3 Movies Like The Salesman (2016) On Netflix UK

Staff & contributors

Chasing the feel of watching The Salesman ? Here are the movies we recommend you watch right after.

Echoing Arthur Miller's Death of a Salesmen, Oscar-winning writer-director Asghar Farhadi (A Separation, About Elly) tells the story of a loving middle-class couple who live in Tehran, Emad (Shahab Hosseini) and Rana (Taraneh Alidoosti), who are forced to move out of their apartment. After arriving at their new place, violence erupts, upending their life and straining their previously happy relationship. Farhadi does what he does best here, delivering simmering tension, complex realism, and unaltered emotion. Originally titled Forushande, every scene of The Salesman is a privileged look for Western viewers into Iran's collective consciousness. And even with all that aside, the film still stands out as an extraordinary drama with a tense plot and outstanding performances across the board. Another incredible addition to Farhadi's first-class filmography.

Former activists Ben Cash (Viggo Mortensen) and his wife Leslie drop out from modern consumerist society to raise their six children in the wilderness of the Pacific Northwest. They teach them how to raise and kill their own food, to survive in nature through boot-camp-like workouts, and homeschool them in literature, music, and left-wing philosophy. Instead of Christmas, they celebrate Noam Chomsky's birthday. Then, one day, this unusual family life is shaken by a phone call and they are forced to leave their life of adventure to reintegrate into American life.

Directed by Matt Ross, who also brought you Good Night, and Good Luck, the film offers a poignant look at alternative living, the effects of modern technology, and the nature of good parenting. Viggo Mortensen is indeed fantastic as the grizzled father and was rightly nominated for a Golden Globe and the Academy Award for Best Actor. George MacKay and the entire cast of “children” also deliver terrific performances. As emotionally raw and thought-provoking as it is funny, Captain Fantastic will have the viewer decide if Ben Cash is the best father in the world or the worst.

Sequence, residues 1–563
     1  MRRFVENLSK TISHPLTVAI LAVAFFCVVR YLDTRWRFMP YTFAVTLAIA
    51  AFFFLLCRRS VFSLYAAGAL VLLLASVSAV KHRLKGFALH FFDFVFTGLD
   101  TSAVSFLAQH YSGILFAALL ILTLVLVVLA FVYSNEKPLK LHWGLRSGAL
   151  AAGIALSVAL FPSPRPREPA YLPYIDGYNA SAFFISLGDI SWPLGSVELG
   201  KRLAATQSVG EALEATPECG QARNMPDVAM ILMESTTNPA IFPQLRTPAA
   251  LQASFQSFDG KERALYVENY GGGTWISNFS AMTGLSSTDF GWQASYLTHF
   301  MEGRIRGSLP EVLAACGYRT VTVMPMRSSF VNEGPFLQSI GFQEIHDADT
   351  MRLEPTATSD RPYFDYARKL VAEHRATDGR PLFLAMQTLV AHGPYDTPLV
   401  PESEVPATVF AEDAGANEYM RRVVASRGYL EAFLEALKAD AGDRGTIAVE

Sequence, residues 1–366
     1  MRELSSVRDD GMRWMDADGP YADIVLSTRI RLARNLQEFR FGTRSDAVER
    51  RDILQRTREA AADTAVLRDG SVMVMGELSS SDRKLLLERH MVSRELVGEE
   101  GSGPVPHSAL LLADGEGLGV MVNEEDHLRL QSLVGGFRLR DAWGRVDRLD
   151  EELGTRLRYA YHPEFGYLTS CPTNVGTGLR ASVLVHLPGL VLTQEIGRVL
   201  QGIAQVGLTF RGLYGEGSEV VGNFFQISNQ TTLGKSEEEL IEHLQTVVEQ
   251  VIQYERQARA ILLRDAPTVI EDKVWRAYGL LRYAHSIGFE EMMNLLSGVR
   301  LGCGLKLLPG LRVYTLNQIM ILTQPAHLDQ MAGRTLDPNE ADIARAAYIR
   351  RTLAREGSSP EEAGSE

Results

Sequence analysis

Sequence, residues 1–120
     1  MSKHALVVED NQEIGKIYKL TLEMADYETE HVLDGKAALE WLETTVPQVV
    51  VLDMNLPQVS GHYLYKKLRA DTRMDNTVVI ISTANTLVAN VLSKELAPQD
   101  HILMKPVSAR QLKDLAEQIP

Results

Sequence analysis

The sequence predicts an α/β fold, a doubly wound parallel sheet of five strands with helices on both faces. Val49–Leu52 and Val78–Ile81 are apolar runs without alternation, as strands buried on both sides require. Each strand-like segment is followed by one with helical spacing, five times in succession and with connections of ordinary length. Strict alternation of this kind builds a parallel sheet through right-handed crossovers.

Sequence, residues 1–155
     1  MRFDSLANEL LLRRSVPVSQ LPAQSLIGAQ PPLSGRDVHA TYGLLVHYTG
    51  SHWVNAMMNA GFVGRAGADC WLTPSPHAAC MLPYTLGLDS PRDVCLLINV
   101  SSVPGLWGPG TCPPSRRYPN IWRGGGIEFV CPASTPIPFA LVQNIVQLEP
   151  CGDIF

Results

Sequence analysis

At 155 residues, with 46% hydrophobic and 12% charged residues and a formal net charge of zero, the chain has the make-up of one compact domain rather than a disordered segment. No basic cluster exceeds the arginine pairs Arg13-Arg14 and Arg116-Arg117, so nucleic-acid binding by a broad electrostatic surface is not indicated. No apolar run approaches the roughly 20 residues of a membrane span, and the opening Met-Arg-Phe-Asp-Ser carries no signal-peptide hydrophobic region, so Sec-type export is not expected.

Genre: Adventure, Comedy, Drama

Actor: Alan Humphrey, Ann Dowd, Annalise Basso, Charlie Shotwell, Elena Stecca, Elijah Stevenson, Erin Moriarty, Frank Langella, George MacKay, Greg Crooks, Hannah Horton, Kathryn Hahn, Matt Ross, Mike Miller, Missi Pyle, Nicholas Hamilton, Rex Young, Richard Beal, Samantha Isler, Shree Crooks, Steve Zahn, Teddy Van Ee, Trin Miller, Viggo Mortensen

Director: Matt Ross

Rating: R

If you’ve never heard of Sonia Braga, you’re in for a ride with this movie. She is, in my opinion, one of the best actresses alive today. In Aquarius, she stars as a 65-year-old trying to keep the home in which she pledged to die. In a quiet, yet stoically powerful performance, she reminds us that identity often intersects with the spaces in which we live.

Genre: Drama

Actor: Allan Souza Lima, Arly Arnaud, Bárbara Colen, Bruno Goya, Buda Lira, Carla Ribas, Clarissa Pinheiro, Daniel Porpino, Edilson Silva, Fábio Leal, Fernando Teixeira, Germano Melo, Humberto Carrao, Irandhir Santos, Joana Gatis, Julia Bernat, Kleber Mendonça Filho, Lula Terra, Maeve Jinkings, Pedro Queiroz, Rubens Santos, Sônia Braga, Tavinho Teixeira, Thaia Perez, Zoraide Coleto

Director: Kleber Mendonça Filho

Rating: Not Rated

, 2012

Wadjda is a smart, spirited 10-year-old girl who wants nothing more than to own her own bike, something that is frowned upon in the Saudi Arabian suburb where she lives. While it’s not technically illegal for women to own bikes, it is thought of as something that is “dangerous to a girl’s virtue,” and it’s worth noting that this is a society where women are also not allowed to drive their own cars. Wadjda devises numerous schemes to earn enough money to buy a bike (selling bracelets, making mixes of Western pop songs, delivering clandestine messages between men and women), before getting caught by the headmistress at her school. It is then that Wadjda hits on the ultimate money-making scheme: there is to be a Koran-reciting contest at her school with a hefty cash prize, and she’s determined to win. There is a subplot involving a growing rift between Wadjda’s parents; while there is clearly a lot of love between both parties, it becomes increasingly clear that her father may be leaving her mother for another woman who could potentially bear him a son (a common practice). This subplot is handled with respect and little judgement though, as it is simply the way things work in this culture. Yet, as Wadjda is coming-of-age and learning about the limitations placed on her as a girl, she is obviously negotiating ingenious ways of pushing back against those limitations. The film is subtle and humane in how it handles the slowly changing cultural and gender dynamics in a traditionally conservative, patriarchal society. It wouldn’t work without a strong central performance from first-time actor Waad Mohammed though -- she is never less than believable as a clever, determined and joyful 10-year-old, and her journey towards adulthood is both heartbreaking and inspiring.

Genre: Drama

Actor: Abdullrahman Al Gohani, Ahd, Ahd Kamel, Alanoud Sajini, Dana Abdullilah, Haifaa Al-Mansour, Rafa Al Sanea, Reem Abdullah, Sultan Al Assaf, Waad Mohammed

Director: Haifaa al-Mansour

Rating: PG